Despite being faced with an ever-rising retirement age and complicated pension politics, Germans aged 17 to 27 are a glass-half-full bunch, regional paper the Frankfurter Rundschau reported.
Almost a third if the 2,500 people interviewed told pollsters they didn’t think they’d ever be unemployed. And while most of them said they did have concerns about their pension, not the same amount said they were taking steps to secure one.
The study “Youth Foresight. Finances of the generation internship to old age poverty” was carried out by head of industrial pension firm Metallrente, Heribert Karch and youth researcher Klaus Hurrelmann.
The results were compared to results collated in 2009, when 90 percent said they were confident about the future. Over the past three years, this figure jumped up a further five percentage points.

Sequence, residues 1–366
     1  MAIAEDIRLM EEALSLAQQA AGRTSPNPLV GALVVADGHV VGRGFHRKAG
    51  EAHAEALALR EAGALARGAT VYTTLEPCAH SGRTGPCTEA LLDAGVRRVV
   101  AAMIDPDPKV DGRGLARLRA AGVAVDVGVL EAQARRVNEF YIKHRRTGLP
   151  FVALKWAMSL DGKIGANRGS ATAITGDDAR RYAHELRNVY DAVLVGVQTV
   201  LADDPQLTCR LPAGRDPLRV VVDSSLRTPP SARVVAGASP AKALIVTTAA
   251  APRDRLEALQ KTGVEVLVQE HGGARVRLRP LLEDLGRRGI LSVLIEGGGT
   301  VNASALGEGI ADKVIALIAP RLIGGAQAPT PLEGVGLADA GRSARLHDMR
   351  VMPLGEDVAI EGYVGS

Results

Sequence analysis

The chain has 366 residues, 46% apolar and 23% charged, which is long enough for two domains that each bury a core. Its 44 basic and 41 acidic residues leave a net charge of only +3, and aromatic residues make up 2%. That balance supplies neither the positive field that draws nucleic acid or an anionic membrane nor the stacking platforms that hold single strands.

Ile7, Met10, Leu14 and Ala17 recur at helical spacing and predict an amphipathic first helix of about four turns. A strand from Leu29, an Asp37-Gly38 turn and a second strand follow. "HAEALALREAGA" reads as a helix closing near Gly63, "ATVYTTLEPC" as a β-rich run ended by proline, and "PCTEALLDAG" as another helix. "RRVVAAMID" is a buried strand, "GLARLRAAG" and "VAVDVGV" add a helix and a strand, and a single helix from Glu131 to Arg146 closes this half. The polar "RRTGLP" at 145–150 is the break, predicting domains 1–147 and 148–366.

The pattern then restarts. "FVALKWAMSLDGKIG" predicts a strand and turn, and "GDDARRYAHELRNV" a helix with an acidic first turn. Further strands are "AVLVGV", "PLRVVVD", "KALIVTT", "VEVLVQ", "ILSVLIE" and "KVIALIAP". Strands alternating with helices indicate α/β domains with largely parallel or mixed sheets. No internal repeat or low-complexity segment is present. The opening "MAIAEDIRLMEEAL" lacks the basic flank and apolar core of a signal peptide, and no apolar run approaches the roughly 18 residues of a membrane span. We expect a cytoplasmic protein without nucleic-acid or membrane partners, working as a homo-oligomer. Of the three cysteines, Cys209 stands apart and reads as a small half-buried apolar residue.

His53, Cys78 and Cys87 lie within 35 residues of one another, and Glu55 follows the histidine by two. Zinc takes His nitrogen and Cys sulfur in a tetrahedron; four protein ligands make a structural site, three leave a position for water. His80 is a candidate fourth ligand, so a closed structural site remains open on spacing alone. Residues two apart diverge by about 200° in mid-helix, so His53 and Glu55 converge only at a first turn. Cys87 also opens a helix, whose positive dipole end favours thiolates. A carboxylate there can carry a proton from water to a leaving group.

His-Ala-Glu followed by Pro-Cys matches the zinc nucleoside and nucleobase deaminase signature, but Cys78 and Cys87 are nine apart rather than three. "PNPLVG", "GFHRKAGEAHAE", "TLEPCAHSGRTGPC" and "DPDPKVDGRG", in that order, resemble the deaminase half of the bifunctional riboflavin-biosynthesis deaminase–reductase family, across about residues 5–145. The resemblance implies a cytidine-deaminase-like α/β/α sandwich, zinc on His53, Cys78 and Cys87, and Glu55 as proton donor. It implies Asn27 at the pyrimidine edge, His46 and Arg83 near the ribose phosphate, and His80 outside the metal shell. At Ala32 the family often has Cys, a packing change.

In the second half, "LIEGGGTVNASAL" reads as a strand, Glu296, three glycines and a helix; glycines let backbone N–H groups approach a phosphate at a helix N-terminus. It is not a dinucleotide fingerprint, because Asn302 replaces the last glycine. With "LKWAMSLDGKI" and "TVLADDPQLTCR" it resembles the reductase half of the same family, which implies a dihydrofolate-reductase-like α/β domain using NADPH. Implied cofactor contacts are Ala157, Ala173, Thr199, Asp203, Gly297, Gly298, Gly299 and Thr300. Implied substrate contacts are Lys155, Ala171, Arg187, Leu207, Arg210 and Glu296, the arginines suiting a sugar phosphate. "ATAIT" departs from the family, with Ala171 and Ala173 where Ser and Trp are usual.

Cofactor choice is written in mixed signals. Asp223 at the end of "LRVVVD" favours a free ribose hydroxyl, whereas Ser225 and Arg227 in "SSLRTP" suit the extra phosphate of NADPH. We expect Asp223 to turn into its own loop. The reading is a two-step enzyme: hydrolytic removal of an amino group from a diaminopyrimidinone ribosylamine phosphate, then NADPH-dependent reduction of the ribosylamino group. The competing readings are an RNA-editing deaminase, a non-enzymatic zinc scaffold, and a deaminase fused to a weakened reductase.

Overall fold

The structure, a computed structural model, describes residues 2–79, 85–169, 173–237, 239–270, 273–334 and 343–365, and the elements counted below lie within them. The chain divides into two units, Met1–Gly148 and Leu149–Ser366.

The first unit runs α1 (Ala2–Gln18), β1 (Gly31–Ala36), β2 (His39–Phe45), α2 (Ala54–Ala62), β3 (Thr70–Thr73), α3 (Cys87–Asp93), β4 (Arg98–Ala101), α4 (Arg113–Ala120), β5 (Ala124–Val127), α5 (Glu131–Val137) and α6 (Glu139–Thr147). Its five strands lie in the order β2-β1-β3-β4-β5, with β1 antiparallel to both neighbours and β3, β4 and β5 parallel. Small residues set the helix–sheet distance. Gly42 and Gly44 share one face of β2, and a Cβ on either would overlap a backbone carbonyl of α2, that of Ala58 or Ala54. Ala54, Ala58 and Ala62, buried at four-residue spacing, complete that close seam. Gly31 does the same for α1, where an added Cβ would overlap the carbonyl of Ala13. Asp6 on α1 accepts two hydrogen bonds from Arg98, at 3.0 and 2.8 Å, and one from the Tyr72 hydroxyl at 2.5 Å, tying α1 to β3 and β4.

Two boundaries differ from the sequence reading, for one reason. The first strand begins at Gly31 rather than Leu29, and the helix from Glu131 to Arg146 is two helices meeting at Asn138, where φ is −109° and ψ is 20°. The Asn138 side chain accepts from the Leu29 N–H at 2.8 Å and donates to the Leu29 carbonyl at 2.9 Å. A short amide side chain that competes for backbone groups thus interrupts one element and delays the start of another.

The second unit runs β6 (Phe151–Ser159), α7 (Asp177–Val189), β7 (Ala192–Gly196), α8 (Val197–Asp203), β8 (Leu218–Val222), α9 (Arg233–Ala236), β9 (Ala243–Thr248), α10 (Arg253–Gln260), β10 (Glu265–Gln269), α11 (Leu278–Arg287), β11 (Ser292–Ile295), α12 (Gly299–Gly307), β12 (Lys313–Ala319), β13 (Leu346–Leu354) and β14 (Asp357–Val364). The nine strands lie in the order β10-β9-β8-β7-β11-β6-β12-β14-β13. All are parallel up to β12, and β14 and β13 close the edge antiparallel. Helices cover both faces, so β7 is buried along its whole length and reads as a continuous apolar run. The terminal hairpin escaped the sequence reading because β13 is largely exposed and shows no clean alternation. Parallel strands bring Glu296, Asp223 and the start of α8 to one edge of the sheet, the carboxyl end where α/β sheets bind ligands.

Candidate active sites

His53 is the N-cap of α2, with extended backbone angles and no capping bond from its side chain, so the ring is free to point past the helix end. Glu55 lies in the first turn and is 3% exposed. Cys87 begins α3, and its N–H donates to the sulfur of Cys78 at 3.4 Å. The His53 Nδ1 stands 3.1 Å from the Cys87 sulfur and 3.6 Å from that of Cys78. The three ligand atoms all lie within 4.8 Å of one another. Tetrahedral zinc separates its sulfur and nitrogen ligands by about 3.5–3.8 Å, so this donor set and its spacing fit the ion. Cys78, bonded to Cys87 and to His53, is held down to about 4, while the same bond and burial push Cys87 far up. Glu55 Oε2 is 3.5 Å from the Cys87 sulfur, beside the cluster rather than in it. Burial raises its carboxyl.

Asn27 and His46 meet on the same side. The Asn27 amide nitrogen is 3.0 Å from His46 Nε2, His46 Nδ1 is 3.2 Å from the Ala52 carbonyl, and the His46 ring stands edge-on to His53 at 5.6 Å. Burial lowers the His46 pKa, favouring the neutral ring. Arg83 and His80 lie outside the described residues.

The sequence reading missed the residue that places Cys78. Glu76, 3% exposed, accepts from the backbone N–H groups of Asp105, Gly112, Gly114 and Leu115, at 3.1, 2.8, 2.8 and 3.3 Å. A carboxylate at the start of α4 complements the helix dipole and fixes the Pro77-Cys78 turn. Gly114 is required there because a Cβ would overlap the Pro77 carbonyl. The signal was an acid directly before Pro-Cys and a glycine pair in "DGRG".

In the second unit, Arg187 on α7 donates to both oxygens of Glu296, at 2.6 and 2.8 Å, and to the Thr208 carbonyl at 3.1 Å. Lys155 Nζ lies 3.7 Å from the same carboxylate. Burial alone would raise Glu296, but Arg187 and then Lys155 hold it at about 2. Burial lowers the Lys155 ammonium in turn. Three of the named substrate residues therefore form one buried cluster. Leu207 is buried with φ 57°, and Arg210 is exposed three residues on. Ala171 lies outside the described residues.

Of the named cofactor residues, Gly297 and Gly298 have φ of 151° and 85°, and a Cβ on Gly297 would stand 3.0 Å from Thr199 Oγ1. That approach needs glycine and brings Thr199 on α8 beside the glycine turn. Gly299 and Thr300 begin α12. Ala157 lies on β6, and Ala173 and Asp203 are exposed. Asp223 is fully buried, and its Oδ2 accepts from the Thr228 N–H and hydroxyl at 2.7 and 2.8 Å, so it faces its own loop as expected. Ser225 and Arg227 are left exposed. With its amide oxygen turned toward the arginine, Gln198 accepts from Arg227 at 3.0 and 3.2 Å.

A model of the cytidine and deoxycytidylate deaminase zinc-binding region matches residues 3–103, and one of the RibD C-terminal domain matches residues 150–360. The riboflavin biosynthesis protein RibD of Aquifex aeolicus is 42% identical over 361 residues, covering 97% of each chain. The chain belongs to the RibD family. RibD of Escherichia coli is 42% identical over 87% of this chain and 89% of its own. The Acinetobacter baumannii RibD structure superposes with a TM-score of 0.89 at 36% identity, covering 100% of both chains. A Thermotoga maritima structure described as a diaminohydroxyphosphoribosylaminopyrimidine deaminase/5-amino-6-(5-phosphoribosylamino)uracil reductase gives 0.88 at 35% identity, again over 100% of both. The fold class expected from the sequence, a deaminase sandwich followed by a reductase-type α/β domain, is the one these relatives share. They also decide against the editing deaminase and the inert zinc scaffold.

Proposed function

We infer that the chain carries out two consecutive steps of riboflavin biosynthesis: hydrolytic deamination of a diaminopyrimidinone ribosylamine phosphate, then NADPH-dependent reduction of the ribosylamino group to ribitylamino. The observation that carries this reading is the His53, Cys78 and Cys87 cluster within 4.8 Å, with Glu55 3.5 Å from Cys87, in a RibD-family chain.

“It could definitely be said that such an optimistic generation has seldom been seen,” said Hurrelmann, who added that he was concerned that the number of young people taking active steps to save for retirement outside Germany’s minimal obligatory state pension, had dropped since 2009.
The Berlin-based professor said the numbers suggested young people had little confidence that savings or pension payments would be safe for the next 40 years. Instead, he added, they were more likely to spend their cash on studying or travelling.
Both authors are calling for a change to how people save for retirement. Tailored savings funds, possibly set up by employers, should be made mandatory. Expecting young people to plan so far ahead independently was, they said, unrealistic.